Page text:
5. gracious; generous; flattering.
6. adroit and appealing; graceful.

The prairie is handsome in every aspect.

A woman falls in love with the spot upon the earth that provides her home, and that spot does not have to be beautiful, handsome, majestic, comfortable, safe, lovely, easy or extraordinary. We fall in love with the earth because it is our mother. We could not exist in physical bodies without the agreement of the earth to provide our bodies and all that is needed to sustain them.

If humanity had remained in matriarchal tribes, worshiping the feminine aspect of our existence, exalting the nurturing and abundant aspects of our great mother, every living thing would have fared better. Now we stand at the threshold of environmental apocalypse brought on by the greed and avarice of the worst of masculine attributes found in our collective human spirit.

In a singular act of aggression, humanity violated the moon in October last year, detonating a bomb on that utterly passive soil. Science was searching for water and claims the explosion was successful. Now science can proceed with its plan to colonize the moon.

I worry that when I reincarnate on earth in the future, the face of the moon will be defaced and desecrated by the same pollution, mining, greed and disregard with which humanity has ruined the earth. I see no redemption at hand for either the earth or the moon. There is certainly no redemption for the prairie. The remaining acres of untouched tall grass will soon be gone forever. I do not have to reincarnate to witness that tragedy.

For now, I love these handsome vistas, and give my heartfelt thanks for my chance here this time around.

Saturday, October 16, 2010

Missed Opportunity

There have been a few times when I missed the chance at a great photograph because I did not have a camera. One memorable, regrettable instance passed on a beach in Hawaii. Visiting my daughter and her family for the Christmas holidays, one thing I wanted to do was spend the night beside the ocean. Thanks to my son in law's military service, we had access to a beautiful beach and camping area.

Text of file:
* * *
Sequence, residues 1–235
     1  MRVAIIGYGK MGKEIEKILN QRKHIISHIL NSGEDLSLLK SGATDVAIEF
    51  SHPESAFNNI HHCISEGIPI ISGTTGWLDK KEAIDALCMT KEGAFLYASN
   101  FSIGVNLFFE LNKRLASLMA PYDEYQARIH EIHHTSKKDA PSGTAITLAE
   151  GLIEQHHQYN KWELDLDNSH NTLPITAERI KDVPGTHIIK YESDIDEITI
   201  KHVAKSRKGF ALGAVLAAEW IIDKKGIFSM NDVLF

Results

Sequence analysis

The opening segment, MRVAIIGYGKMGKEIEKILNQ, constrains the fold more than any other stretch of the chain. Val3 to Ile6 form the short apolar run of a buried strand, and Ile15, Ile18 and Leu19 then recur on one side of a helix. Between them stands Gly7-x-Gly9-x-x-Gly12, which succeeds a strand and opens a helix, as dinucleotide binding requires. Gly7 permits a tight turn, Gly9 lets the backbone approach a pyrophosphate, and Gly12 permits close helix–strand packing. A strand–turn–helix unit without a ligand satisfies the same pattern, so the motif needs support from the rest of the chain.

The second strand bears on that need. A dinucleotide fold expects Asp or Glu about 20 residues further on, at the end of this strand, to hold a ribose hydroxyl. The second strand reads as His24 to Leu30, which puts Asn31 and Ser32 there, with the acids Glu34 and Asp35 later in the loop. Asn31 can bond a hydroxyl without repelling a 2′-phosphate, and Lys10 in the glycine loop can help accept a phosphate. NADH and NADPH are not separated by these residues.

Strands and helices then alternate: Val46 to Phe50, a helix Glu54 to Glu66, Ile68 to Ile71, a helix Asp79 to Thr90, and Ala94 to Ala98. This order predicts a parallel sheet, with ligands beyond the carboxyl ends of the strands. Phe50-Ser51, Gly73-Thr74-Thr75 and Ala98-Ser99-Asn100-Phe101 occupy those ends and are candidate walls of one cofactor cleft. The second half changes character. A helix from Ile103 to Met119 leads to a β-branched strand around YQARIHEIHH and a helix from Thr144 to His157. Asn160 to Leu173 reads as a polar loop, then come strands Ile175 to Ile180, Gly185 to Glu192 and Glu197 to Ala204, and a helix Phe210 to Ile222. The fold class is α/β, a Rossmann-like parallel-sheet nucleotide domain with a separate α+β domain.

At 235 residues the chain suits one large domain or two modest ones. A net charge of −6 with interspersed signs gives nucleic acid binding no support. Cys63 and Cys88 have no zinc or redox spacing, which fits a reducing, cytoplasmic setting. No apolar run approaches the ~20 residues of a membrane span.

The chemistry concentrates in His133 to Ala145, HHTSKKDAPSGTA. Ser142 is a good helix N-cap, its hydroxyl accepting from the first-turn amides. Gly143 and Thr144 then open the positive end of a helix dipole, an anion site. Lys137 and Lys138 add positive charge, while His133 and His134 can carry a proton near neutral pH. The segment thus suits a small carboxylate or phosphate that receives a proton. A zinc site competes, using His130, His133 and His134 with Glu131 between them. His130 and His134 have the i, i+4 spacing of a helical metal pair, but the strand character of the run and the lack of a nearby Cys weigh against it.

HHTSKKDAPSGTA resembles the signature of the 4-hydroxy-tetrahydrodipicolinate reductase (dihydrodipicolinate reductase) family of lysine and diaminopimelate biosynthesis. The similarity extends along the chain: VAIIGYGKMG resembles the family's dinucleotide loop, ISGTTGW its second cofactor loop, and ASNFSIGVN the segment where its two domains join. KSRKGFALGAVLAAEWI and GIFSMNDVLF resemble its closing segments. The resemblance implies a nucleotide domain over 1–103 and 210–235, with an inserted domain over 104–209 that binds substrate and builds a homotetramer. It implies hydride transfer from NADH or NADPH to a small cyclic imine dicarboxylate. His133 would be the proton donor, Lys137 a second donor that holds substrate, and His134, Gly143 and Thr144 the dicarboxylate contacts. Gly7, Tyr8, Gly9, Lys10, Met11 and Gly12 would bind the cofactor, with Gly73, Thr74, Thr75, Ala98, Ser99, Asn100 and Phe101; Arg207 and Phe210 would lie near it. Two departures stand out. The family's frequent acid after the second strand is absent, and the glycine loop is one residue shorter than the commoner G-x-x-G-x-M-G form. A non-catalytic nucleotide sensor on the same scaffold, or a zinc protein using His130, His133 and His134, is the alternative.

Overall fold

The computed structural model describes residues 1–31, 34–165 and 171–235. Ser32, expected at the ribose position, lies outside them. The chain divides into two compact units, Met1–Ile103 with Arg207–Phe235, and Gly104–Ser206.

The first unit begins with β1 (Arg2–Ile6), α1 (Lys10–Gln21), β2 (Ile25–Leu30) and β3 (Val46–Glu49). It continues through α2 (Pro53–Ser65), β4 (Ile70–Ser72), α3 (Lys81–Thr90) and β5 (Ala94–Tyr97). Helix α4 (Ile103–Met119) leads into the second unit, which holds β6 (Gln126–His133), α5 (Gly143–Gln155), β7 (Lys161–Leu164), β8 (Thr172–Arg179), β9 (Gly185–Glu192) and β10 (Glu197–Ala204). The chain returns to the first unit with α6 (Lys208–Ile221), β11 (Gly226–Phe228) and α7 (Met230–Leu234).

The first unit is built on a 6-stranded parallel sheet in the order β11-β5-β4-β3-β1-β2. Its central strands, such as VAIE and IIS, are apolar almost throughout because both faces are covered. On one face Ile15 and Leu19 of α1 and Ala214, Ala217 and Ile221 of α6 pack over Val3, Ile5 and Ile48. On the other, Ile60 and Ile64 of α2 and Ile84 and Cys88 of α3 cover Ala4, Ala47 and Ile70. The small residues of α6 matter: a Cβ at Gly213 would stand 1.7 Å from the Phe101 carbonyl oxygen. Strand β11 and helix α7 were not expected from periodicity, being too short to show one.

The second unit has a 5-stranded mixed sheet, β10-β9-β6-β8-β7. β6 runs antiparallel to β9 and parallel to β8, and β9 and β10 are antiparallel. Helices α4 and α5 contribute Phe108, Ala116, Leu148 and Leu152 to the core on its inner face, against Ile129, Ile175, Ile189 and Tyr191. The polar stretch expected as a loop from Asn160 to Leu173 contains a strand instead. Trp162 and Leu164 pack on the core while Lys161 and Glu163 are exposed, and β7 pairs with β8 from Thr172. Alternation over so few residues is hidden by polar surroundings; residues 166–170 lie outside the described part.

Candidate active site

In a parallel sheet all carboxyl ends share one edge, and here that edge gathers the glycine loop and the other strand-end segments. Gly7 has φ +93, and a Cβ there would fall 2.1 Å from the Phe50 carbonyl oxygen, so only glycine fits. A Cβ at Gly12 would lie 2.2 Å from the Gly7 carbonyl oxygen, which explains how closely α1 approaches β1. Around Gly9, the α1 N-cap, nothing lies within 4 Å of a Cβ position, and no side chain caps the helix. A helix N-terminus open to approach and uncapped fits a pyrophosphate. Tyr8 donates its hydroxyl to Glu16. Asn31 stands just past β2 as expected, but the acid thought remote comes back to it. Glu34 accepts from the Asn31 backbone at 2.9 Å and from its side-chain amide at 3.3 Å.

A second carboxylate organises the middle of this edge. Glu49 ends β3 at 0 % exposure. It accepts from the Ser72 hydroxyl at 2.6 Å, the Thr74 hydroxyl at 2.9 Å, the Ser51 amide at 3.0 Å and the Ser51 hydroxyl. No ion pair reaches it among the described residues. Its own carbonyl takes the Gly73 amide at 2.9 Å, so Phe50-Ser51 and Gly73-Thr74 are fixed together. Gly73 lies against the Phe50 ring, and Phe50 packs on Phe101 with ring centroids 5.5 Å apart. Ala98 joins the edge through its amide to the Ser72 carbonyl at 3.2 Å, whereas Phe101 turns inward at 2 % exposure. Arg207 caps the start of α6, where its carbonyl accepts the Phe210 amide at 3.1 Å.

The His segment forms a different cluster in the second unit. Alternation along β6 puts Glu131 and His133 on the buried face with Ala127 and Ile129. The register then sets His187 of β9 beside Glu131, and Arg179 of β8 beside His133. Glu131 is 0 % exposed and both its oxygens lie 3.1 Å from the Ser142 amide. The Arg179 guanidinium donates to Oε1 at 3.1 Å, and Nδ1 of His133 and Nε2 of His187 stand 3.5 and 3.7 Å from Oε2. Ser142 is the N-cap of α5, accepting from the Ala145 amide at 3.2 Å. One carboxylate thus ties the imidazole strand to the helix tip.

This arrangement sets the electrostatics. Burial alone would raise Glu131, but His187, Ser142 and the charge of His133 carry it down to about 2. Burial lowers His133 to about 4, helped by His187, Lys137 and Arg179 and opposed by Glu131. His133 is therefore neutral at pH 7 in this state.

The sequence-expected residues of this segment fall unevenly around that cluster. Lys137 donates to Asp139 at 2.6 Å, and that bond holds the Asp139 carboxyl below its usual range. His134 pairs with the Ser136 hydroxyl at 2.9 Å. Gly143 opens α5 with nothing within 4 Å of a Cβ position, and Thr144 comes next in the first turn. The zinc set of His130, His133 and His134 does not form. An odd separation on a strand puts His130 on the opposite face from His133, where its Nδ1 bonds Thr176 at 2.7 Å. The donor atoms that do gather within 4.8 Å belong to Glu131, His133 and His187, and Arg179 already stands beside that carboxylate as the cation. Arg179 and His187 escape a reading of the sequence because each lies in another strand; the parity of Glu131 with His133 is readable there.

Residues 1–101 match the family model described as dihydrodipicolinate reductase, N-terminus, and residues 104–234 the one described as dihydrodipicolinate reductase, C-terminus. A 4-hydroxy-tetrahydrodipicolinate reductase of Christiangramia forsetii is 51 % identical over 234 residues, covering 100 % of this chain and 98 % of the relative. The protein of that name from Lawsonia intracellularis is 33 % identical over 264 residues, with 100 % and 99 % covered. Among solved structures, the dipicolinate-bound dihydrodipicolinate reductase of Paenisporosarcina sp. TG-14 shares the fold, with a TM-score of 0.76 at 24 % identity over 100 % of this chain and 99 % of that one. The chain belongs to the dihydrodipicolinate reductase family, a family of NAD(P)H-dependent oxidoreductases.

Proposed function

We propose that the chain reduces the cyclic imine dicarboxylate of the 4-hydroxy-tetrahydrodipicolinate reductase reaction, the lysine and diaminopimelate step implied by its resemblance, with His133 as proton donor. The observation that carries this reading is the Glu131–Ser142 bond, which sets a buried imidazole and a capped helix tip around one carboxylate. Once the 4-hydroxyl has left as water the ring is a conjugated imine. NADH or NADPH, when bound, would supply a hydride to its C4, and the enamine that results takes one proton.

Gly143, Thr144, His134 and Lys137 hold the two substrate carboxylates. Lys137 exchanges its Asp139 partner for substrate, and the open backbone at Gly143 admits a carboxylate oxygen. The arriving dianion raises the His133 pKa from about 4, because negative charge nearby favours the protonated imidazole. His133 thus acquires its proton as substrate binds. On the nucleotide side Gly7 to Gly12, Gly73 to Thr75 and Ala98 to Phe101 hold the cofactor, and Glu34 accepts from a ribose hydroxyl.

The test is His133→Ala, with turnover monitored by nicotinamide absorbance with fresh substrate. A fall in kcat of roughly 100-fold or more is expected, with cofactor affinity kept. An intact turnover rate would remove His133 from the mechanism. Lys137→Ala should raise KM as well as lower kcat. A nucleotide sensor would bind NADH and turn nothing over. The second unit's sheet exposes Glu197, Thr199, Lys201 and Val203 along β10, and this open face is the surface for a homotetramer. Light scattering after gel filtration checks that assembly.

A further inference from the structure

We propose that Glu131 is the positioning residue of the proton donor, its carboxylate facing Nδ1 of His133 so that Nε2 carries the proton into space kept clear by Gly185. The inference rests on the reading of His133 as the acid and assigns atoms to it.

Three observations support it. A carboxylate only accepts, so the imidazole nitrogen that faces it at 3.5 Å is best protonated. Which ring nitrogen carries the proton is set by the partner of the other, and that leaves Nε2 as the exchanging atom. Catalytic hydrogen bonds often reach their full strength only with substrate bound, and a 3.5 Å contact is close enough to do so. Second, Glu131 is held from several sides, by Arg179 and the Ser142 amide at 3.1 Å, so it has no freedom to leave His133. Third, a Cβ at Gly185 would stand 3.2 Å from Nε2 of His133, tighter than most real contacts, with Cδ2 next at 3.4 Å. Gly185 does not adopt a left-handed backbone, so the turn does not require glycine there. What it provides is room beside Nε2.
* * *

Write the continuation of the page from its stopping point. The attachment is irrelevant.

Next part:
I was up with the sunrise in order to do some water painting, leaving everyone else asleep in the tents. For a while I had the entire beach to myself, but a few people arrived for an early morning swim. Even though I was comfortable with the cool morning, just coming from winter in Kansas, I would have had to toughen up to swim in the ocean that early in the morning!

A young woman arrived with her three small sons in tow. She had a surf board, and each boy had a small board. The woman was beautiful, Asian or Polynesian, with a mane of shining black hair. Her sons were in stair steps, about eight, six and four years old, each dressed in the short wet suits that surfers wear. Their little boards matched their suits in color - red, blue or yellow. No arguing or mistakes over which suit or board belonged to which boy.

The little family entered the water together, the boys as sleek and as playful as otters. Soon, the boys came out of the water, stuck their boards upright in the sand and sheltered behind them. They did this so their mother could swim out alone on her board. The brightly colored suits and boards, with the three beautiful children crouched together was the missed opportunity. I hurriedly sketched the scene with pencil, but I deeply regretted that my camera was lying uselessly back in the tent.

Those little boys were motionless and silent, their eyes fixed on their beautiful young mother enjoying her few minutes of freedom in the ocean. There was no question of the boys sneaking back into the water while their mother was swimming. This was something the four of them did routinely. They knew to wait patiently for their mother to return.

Perhaps it is better that I did not have a camera because the entire experience is firmly in my mind and not confined to a small photograph. I imagine that those boys now, about fifteen, thirteen, and eleven, are old enough that they do not wait on the beach but paddle out with their mother at sunrise in the gold and turquoise waters of Hawaii.

Visit the same beach here, at sunrise.

Monday, September 27, 2010

Motorcycles and Weddings and The First Days of Fall...

I deleted all the messages from my phone last night, even though I knew I would probably regret it. I deleted important factual information. My speedster brother was at the track again with his snarlin' Harley dragster and turned in some impressive times and speeds - he seems to be hitting the 108 and 109 mph range regularly, and his times are improving to the 10 and 11 second range. He also has the timing tree figured out already and actually hit the green in .001 of a second. Not bad for an old man. Not bad at all. If I had not deleted everything from the phone, I would have the exact numbers.

My son and I attended a wedding together Saturday evening. It was a lovely wedding held in the beautiful area of Lake Shawnee that hosts the annual pow wow, though I hardly recognized the grounds without the vendors and tents and people. Rain delayed the wedding but it brought everyone together inside. The bride was lovely in a white gown embroidered with red cherry blossoms. The maids of honor were dressed in beautiful red dresses, and the men were resplendent in black tuxedos with red ties. I do not know when I have seen a more beautiful bridal party, ever.